The User Datagram Protocol (UDP) is another protocol used at the transport level. UDP provides a connectionless service for applications. UDP provides few error recovery services, unlike TCP. However, like TCP, UDP uses IP to route its packets throughout the Internet. UDP is used when the arrival of a message is not absolutely critical. You may recall that from time to time you receive letters for the Current Resident in your mailbox. The senders of this “junk mail” are not concerned that everyone receives the package they send. UDP is similar to the Current Resident mail and is often used to send broadcast messages over a network. A broadcast message is a message that is sent periodically to all hosts on the network in order to locate users and collect other data on the network. UDP messages are also used to request responses from nodes or to disseminate information. Another application of UDP is in the use of real-time applications. With real-time applications, retransmitting and waiting for the arrival of packets is not possible, so TCP is not used for these applications. When real-time data (voice or video) is routed, a connectionless UDP protocol is used. If packets get dropped or fail to arrive, the overall message is usually not corrupted beyond recognition.

Internet and Addressing

You have seen the components that make up a network and how information travels across a network, but how does a packet find its intended destination? The Internet is organized in a hierarchical structure. The entire network is often referred to as the Internet or the World Wide Web. The Internet is subdivided into several smaller networks that are all interconnected by routers.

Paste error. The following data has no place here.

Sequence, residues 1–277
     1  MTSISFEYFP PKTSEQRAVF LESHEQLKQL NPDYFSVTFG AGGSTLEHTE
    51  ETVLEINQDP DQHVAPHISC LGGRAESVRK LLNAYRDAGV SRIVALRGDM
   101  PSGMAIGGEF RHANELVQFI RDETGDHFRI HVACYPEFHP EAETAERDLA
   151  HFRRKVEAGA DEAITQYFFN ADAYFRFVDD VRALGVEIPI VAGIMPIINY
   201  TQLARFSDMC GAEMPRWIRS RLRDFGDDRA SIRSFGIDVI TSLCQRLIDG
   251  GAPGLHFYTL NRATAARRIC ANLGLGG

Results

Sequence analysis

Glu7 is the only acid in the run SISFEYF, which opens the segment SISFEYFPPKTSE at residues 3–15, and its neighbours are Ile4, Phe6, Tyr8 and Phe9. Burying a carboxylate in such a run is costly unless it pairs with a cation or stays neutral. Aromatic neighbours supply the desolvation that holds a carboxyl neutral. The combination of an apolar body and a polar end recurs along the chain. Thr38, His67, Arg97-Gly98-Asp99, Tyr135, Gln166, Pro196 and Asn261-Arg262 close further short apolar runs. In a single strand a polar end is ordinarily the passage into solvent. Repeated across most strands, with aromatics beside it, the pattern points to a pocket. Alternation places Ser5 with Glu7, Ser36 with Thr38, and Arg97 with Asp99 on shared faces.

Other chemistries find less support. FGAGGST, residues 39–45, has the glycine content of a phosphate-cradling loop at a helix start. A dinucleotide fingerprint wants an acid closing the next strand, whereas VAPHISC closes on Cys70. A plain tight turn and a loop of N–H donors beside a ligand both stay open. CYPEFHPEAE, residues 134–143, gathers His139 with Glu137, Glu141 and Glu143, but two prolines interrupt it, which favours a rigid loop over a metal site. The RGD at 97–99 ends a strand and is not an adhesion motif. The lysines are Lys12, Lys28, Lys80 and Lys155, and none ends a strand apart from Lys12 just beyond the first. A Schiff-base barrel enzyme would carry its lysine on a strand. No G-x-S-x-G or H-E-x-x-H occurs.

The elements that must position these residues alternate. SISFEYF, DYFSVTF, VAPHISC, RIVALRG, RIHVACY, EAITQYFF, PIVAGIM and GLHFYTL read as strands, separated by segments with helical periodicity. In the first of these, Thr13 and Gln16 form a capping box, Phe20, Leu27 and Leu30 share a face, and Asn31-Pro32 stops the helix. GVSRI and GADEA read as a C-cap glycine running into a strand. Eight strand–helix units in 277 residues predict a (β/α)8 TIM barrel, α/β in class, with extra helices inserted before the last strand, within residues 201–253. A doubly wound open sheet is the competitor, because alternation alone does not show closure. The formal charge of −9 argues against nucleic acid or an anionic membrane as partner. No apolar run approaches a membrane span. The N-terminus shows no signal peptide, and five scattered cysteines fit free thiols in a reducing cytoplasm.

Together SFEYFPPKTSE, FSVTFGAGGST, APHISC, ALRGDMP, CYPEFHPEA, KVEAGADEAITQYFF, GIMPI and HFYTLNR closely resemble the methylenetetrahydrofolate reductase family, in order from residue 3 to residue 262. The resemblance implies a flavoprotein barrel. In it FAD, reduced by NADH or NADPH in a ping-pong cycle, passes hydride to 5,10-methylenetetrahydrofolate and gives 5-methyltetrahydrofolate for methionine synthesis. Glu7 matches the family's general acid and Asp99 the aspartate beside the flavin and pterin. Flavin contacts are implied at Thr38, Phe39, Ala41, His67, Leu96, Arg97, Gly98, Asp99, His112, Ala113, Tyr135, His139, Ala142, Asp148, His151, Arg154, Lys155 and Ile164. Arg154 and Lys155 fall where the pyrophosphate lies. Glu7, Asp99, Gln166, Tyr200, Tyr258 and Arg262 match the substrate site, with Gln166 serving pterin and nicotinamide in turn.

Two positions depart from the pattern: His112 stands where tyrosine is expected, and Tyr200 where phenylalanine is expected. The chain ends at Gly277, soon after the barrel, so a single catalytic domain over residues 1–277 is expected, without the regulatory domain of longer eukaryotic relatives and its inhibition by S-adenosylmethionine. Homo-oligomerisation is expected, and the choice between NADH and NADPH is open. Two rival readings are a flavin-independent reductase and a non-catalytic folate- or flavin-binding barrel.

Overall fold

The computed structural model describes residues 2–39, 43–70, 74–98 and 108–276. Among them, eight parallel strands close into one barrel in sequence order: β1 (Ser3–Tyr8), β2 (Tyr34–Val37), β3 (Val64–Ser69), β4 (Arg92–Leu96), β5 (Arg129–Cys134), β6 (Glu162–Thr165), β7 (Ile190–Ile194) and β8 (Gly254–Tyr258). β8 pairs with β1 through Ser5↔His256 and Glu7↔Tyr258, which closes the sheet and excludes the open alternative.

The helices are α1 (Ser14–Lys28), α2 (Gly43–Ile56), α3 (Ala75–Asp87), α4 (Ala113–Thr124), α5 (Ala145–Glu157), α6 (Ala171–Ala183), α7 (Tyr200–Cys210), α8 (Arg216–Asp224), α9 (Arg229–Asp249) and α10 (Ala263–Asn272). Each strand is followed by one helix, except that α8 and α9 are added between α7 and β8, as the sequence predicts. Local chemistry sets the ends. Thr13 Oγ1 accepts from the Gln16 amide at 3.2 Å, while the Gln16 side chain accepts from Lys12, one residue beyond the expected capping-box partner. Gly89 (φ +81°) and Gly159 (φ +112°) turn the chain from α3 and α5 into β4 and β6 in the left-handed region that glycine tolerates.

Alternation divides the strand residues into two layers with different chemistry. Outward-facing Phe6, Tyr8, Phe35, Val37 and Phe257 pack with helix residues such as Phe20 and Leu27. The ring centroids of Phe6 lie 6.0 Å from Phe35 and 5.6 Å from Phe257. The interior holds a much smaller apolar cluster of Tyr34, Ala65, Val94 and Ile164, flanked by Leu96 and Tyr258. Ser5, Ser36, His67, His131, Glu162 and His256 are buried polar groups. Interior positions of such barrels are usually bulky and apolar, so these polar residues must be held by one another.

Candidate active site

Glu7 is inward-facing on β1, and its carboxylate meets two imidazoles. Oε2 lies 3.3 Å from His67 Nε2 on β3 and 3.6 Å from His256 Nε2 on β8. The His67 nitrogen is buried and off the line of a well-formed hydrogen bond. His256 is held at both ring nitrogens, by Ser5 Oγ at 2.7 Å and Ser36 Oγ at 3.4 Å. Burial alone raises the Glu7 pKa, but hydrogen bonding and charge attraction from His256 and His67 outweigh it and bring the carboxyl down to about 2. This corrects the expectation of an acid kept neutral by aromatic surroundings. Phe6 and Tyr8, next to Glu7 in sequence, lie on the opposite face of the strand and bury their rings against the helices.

The Internet connects several separate segments or networks together by using routers. Routers need some way to identify the destination network to which a packet is bound. Routers accomplish this by using the network IP address. All devices on that network share the same network address but have unique host addresses. Packets get routed from network to network until they arrive at the network that contains the host to whom the packet has been sent.

A good example of a hierarchal structure is how large military units are organized. The largest structure is the brigade. The brigade is separated into two regiments with three battalions per regiment. Each battalion has five companies. Each company then has platoons, and each platoon has squads. An individual soldier or sailor is in a squad, platoon, company, battalion, and so on. If you want to contact all the soldiers or sailors in a particular company, you can send a message to just that company. The same is true for a battalion or platoon. In a computer network, the ability to send messages to an individual host on a particular network is also important. Each network is then connected to the entire Internet or the so-called Internet cloud.

We can break each connection to the cloud into its own network, and each network would be connected to the cloud by using a router. Every computer connected to the router is considered to be on the same network.